Exploring “God ALL- MIGHTY”. A moment of reflection on your Journey to More:

Facts about our universe and our earth-home: (Read: Psalm 8:3-9; 19:1-4; 33:6; Isaiah 40:25-26, 28)

• Light travels at 186,000 MPS.
• In one year light will travel about 6 trillion miles.
• Some galaxies of stars are over 15 Billion miles away from earth. \
• An average galaxy contains over 200 Billion stars.
• There are more than 100 Billion galaxies in known space.

We live in a solar system called the Milky Way that contains 1 light source called the sun, over 200,000 billion stars, and 9 planets.  The Milky Way is a spiral galaxy, and the sun is located about 30,000 light-years from the Milky Way’s nucleus on the Orion arm, and is held together by “gravity” (aka, ‘God’s power’).  Just as the planets orbit around the sun, the sun orbits around the center of the Milky Way.  A journey around just our Milky Way would take about 200 thousand light-years (200,000 x 6 Trillion miles).  And, only 70 +- years ago, more powerful telescopes brought the startling revelation that the Milky Way was only one galaxy among billions of other galaxies.

We live on a planet called Earth. 
• The earth is tilted at 23.4 degrees.
• It spins counter-clockwise, and makes one complete rotation  every 24 hours.
• Our earth makes one complete rotation around the Sun every 365.26 days. 
• Our moon orbits the earth counter-clockwise every 27.32 days. 
• Our earth is 93,000,000 miles from the Sun.

Our Sun is among the top 10% in size of known stars in the universe.
• It is made up of 70% hydrogen and 28% helium. 
• It converts hydrogen to helium at its core and emits less light each year. 
• It is estimated that the sun will run out of light in about 4 billion years.     

Before we consider the vastness of our universe, let’s try to get our hands around just our solar system…a tiny fraction of the universe above us.  Because it’s impossible to grasp the astounding distance about us, we need analogies, simple comparisons to assist us.  Hold on as we take a quick trip to the regions beyond.

If it were possible to travel the speed of light (186,000 MPS), you could arrive at the moon in 1 1/3 seconds.  But continuing that same speed do you know how long it would take you to reach the CLOSEST star?  FOUR years.  Now that’s a good use of the word “Awesome”.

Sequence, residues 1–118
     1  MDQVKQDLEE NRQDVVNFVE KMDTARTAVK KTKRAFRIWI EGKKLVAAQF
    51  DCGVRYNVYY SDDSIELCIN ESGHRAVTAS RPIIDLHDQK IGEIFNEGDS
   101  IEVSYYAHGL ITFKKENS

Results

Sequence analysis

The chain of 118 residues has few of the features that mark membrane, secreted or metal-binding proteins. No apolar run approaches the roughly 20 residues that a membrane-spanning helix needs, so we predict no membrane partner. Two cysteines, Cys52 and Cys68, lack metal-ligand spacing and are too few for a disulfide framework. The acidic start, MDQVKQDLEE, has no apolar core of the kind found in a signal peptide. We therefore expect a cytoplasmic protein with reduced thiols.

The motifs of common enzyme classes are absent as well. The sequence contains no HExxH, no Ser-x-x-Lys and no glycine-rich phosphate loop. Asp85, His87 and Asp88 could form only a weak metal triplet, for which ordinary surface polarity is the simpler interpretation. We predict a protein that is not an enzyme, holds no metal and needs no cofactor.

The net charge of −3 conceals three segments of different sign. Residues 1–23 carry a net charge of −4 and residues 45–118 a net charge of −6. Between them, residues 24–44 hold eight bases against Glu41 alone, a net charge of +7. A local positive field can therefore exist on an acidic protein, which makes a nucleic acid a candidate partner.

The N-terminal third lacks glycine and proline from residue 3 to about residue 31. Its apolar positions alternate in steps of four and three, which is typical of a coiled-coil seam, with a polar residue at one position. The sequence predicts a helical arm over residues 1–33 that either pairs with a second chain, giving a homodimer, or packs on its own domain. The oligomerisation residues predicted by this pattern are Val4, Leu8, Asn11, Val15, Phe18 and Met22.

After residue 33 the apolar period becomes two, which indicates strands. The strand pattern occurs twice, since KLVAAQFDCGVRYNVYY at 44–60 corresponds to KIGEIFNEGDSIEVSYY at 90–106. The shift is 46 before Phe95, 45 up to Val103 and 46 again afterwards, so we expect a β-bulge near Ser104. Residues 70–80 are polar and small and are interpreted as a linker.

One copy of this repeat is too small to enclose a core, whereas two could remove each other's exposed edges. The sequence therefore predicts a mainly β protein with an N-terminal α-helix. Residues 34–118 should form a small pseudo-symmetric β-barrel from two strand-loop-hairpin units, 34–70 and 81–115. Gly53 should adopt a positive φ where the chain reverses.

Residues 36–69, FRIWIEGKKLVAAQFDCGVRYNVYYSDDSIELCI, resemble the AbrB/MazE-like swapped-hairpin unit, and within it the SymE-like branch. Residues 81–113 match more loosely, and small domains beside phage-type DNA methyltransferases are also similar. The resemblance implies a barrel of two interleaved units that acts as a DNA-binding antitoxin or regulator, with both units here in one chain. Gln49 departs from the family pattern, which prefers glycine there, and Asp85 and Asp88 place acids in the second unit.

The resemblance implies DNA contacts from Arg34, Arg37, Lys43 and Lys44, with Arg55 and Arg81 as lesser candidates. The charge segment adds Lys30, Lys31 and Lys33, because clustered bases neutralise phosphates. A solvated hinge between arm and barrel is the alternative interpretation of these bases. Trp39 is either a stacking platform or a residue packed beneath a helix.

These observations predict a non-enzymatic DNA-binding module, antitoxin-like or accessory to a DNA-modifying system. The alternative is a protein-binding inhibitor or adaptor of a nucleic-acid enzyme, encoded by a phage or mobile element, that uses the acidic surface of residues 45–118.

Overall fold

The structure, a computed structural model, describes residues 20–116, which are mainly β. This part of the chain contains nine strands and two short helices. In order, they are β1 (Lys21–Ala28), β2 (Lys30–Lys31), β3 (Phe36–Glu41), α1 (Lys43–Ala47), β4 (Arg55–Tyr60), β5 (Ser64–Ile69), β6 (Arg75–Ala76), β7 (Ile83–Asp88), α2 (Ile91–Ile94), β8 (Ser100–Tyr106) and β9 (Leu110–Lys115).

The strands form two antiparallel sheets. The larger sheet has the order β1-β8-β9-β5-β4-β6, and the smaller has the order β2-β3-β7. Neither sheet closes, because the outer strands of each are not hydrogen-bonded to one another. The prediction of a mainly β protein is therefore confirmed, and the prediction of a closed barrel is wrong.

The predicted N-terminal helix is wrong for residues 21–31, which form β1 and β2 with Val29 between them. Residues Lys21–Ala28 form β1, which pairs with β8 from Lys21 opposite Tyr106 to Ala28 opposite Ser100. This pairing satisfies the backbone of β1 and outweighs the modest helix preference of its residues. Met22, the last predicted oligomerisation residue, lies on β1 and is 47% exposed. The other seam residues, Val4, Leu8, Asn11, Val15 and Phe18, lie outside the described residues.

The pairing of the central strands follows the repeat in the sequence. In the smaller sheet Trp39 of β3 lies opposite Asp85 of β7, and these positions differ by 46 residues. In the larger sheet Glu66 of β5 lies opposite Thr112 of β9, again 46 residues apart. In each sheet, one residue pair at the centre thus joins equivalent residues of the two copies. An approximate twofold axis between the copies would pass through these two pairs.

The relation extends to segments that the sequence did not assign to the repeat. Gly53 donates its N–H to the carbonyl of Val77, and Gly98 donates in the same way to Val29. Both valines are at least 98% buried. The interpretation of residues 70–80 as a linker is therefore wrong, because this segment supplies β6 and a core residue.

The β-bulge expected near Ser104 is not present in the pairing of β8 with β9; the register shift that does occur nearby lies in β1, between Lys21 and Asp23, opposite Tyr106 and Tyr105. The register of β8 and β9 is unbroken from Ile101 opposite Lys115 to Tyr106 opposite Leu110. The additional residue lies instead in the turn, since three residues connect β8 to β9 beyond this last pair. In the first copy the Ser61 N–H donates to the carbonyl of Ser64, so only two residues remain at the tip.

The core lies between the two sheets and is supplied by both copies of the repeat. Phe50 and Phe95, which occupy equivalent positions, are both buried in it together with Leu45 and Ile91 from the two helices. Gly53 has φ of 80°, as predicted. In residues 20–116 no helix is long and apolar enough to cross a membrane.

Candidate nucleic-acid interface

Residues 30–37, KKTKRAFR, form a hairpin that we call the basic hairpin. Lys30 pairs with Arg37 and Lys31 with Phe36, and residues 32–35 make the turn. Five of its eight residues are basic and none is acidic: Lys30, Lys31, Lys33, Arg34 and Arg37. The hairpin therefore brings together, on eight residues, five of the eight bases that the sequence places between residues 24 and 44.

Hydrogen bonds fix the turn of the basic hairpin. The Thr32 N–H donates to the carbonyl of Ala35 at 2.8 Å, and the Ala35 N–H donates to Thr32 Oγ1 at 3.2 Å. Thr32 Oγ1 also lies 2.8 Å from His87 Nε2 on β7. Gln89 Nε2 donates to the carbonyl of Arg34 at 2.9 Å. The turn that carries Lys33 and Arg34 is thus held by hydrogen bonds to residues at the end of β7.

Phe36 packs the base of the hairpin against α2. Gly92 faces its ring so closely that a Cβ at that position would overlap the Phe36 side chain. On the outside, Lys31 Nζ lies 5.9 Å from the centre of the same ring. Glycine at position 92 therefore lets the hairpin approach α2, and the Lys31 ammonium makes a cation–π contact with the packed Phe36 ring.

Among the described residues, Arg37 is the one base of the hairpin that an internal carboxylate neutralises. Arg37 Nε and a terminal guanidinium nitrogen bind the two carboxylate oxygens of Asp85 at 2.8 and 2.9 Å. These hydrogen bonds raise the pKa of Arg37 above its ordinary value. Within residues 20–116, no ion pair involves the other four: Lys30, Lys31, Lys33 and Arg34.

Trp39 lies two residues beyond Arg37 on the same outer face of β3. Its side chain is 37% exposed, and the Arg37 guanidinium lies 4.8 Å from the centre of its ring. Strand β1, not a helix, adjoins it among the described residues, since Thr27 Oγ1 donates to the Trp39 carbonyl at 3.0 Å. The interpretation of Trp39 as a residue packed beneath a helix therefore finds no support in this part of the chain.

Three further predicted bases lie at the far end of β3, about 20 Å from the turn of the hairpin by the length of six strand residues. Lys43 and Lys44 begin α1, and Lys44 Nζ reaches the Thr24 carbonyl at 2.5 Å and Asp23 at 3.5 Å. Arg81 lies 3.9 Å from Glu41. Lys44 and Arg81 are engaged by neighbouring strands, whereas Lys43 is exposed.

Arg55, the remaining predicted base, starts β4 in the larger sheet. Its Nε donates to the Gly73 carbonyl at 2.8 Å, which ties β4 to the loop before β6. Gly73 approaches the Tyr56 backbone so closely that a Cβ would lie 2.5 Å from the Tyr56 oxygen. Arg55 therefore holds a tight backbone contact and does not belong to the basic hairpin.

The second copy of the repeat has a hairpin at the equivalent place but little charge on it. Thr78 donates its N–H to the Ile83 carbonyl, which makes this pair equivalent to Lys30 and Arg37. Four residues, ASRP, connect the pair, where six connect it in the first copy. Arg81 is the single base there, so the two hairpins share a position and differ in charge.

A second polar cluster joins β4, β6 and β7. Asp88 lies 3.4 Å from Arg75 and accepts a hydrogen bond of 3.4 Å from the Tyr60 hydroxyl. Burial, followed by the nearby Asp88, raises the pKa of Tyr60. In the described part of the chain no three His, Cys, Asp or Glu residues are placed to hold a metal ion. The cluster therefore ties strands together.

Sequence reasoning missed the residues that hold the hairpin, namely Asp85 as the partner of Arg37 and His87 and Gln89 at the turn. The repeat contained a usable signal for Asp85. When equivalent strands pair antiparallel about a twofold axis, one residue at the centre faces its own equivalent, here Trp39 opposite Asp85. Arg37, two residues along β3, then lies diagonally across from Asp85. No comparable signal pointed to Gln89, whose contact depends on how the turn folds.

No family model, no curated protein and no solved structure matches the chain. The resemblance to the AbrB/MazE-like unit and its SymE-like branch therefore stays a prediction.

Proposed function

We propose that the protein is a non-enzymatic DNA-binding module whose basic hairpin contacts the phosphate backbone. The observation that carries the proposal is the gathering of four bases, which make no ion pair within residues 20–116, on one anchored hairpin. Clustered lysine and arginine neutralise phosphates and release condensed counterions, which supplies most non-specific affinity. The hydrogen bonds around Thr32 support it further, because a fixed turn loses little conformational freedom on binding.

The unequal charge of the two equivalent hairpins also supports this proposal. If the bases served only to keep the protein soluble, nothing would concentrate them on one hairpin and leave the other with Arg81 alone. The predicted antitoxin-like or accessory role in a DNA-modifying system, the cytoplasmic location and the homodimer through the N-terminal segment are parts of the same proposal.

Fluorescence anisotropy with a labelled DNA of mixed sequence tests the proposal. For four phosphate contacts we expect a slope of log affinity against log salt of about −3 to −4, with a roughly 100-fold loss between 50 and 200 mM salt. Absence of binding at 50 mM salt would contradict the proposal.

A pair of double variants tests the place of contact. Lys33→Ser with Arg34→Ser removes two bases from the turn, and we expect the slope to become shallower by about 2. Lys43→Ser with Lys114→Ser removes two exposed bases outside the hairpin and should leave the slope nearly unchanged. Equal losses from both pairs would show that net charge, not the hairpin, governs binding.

If you’ve ever visited New York City’s Hayden Planetarium, you’ve seen that miniature replica of our solar system showing the speeds and sizes of our planets.  What is interesting is that the three outer planets are not included.  There wasn’t room for Uranus, Neptune, and Pluto.  Uranus would be in the planetarium’s outer corridor, Neptune would be around Eight Avenue.  And Pluto?  Another three long avenues away---Fifth Avenue.  By the way, no stars are included for obvious reasons.  Can you imagine (on the same scale) where the nearest star would be located?  Cleveland, Ohio.  Unbelievable!  And remember, that’s just our local galaxy.

A scientist once suggested another interesting analogy.  To grasp the scene, imagine a perfectly smooth glass pavement on which the finest speck can be seen.  Then shrink our sun from 865,000 miles in diameter to only two feet…and place that ball on the pavement to represent the sun.

Step off 82 paces (about two feet per pace) and to represent proportionately the first planet, Mercury, put down a tiny mustard seed.

Take 60 steps more and for Venus, put down an ordinary beebee.

Mark 78 more steps…put down a green pea representing earth. 

Step off 108 paces from there, and for Mars, put down a pinhead.

Sprinkle some fine dust for asteroids, then take 788 steps more.  For Jupiter, place an orange on the glass at that spot.

After 934 more steps, put down a golf ball for Saturn.

Now it gets really involved.  Mark 2,086 steps more, and for Uranus…a marble.

Another 2,322 steps from there you arrive at Neptune.  Let a cherry represent Neptune.

This will take 2 ½ miles, and we haven’t even discussed Pluto!  If we swing completely around, we have a smooth glass surface 5 miles in diameter, yet just a tiny fraction of heavens—excluding Pluto.  On this surface, 5 miles across, we have only a seed, bee-bee, pea, pinhead, some dust, an orange, golf ball, a marble, and a cherry.  Guess how far we would have to go on the same scale before we could put down another tow-foot ball to represent the nearest star.  Come on, guess.  Seven hundred paces?   Two thousand steps more?  Forty-four hundred feet?  No, you’re way off.

We’d have to go 6,720 miles before we could arrive at that star.  Miles, not feet.  And that’s just the first star among billions.  In one galaxy among billions, all in perpetual motion…perfectly synchronized…the most accurate timepiece known to man.  Phenomenal isn’t the word for it.

All this can ONLY be explained by words like GOD and ALL-MIGHTY.



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